In many ways estate planning is a delicate subject, and this is one of the reasons why so many people go through life without an estate plan.
Though it is true that some difficult decisions must be made, the sooner you make them the better because everyone does pass away and you need to plan ahead for this inevitability.
Exactly how you’re going to split up your financial resources will be something that you have to decide upon. The first thought may be to give all of your children equal slices of the pie as it were.
But what if you have one child who is extraordinarily successful in his or her own right while you have another that has some significant financial need? Would it be wrong to give more to one child than you do to another?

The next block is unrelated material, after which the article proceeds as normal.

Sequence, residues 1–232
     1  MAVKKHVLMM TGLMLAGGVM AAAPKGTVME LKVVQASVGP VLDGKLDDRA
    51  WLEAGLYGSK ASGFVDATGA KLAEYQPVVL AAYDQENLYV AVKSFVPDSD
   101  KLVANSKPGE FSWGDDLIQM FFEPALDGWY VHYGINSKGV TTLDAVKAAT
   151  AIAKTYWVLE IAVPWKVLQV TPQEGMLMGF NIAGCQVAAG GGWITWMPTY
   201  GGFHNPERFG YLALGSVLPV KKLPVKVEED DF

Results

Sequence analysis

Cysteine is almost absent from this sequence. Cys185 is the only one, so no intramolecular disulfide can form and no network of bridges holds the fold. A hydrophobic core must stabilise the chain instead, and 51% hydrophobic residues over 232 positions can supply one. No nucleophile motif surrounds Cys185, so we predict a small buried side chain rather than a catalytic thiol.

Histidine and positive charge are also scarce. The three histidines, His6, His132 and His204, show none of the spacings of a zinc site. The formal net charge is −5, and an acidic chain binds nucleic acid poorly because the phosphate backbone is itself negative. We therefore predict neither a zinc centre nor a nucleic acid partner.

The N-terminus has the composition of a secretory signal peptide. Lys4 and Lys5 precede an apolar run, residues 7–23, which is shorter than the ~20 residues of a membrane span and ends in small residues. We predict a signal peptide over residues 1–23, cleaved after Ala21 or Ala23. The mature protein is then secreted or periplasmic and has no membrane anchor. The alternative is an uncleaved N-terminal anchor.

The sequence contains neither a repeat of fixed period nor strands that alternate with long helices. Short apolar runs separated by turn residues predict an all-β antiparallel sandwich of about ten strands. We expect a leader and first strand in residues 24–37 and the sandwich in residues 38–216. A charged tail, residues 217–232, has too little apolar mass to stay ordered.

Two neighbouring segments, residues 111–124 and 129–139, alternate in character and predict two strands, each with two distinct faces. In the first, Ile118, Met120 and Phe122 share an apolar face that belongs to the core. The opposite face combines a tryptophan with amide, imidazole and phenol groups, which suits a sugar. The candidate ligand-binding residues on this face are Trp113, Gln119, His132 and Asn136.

This is a question that only you can answer, but if you do decide to give unequal inheritances you may want to communicate your decision with all interested parties. There can be some severe hurt feelings and infighting among family members if unequal inheritances have been distributed if you never had any conversations with the people involved beforehand.
And beyond simple hurt feelings there is also the possibility of litigation. If a child or other family member felt as though you would never have wanted to give out unequal bequests this individual may challenge the will assuming that something must be amiss.
If you take the time to carefully explain your reasoning there will be no surprises or hard feelings among family members after your passing.
Latest posts by Barry D. Horowitz, Estate Planning Attorney (see all)
- How to Incorporate a Domestic Asset Protection Trust into Your Estate Plan - January 16, 2020
- How Long Does It Take to Probate an Estate in Connecticut? - January 14, 2020
- Is Cryptocurrency an Asset? - January 9, 2020